- When asked about other potential mitigations, Mr Jones referred to his evidence and suggested that LCCH could utilise pooled S106 contributions to advance a series of proposals which had been cited for the nearby Bellway application. Mr Jones did however confirm that he had not identified any potential mitigations for the Crossley Street/Westgate junction. He acknowledged that LCCH had expressed concerns over capacity and increased queueing times at this junction, but that in his professional view these could not be considered severe.
- Our position is that no feasible mitigations have been forthcoming from either the HBC or LCC to address the issues, I have highlighted above. In this regard, paragraphs 108 (c) and 109 of the NPPF are relevant and we contend that is incumbent on LCC and the HBC to explain precisely how ‘significant impacts from the development on the transport network [in terms of capacity and congestion] “can be cost effectively mitigated to an acceptable degree” and thereby justify the acceptability of Section 106 monies to the residents of Wetherby and the surrounding villages. Better Wetherby would respectfully suggest that the Inspector should consider if it would be appropriate to apply a precautionary principle to highway matters in this Appeal, on the grounds of safety and the severity of residual cumulative impact on our local road network.
LANDSCAPE & VISUAL ASPECT
- It is common ground between the parties that the site and the immediate landscape is of medium value and that it is not a “valued” landscape with the meaning of the NPPF. Other general points of agreement between all the parties concerning the effects upon the landscape character are captured in Table 2 of the SOCG.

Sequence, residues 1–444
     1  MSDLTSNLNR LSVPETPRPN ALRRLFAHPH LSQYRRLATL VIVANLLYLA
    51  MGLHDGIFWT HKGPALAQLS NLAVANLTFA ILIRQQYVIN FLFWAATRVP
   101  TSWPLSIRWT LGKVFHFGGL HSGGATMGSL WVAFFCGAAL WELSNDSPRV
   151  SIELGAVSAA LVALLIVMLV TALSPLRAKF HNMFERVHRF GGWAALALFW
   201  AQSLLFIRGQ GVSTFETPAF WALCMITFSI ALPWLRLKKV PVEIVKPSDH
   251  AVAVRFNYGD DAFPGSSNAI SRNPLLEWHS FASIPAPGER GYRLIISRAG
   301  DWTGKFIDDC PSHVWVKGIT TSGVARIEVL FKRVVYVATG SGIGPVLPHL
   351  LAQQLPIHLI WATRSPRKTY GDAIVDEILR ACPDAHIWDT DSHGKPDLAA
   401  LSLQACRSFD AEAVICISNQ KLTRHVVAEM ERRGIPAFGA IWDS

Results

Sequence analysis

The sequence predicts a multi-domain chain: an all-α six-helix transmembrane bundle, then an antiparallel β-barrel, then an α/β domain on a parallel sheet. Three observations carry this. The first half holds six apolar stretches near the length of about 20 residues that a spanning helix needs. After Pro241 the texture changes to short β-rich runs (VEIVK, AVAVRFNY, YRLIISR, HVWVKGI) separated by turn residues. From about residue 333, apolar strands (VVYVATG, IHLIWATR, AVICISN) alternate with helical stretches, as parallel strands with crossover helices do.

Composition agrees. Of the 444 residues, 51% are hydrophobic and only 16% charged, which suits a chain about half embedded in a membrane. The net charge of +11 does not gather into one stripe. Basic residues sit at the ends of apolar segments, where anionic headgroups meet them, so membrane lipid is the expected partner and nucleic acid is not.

- Better Wetherby however maintains that a new urban development by definition harms the countryside and the existing biodiversity of the area which can only be justified if there are compelling reasons why it should take place. No such compelling reasons exist in this case to justify causing this unsustainable harm.
- Mr Spence gave evidence on behalf of Better Wetherby. He explained why in his professional view certain aspects of Harrogate Council’s landscape visual appraisal were flawed and that this had led to an underestimation of the harms to the intrinsic character and beauty of this countryside this development would cause.
- Both Mr Gannon witness for Harrogate BC and Mr Denney witness for the Appellants identified significant visual impacts from the bridleway west of the appeal site. We maintain that both Harrogate and the Appellant’s consultants failed to understand the sensitivity of other local receptors and magnitude of the impacts of the development from the outset and set out the case for the Inspector to consider whether the lack of an Environmental Impact Assessment for this Appeal to consider is a material omission, although Mr Denney felt that this was not required.
- We cannot understand why their “Viewpoint 6” was not included in the original assessment. This is where most harm to the view will be experienced (public bridleway south-east, intercepting the proposed development and the Bellway site). We maintain that this is a significant flaw in their impact assessment.
- We also maintain our view that their consultants’ approach was very poor, using old height datasets and an extremely rudimentary approach to 3D modelling.
- Furthermore, the proposed landscaping framework does not effectively mitigate against the impact on the existing A661 Gateway setting of Wetherby, the proposed access road and surrounding Bridleways and Cycle/footpath routes.
- Mr Denney asserted that the proposed extent of open space for the development was generous in comparison to other similar sites. However, we maintain that it is of questionable value to future residents. We are sceptical that the attenuation areas will be properly maintained and could be a danger to small children, attract vermin and quite possibly flood in periods of heavy rain. All of which raises long-term management issues.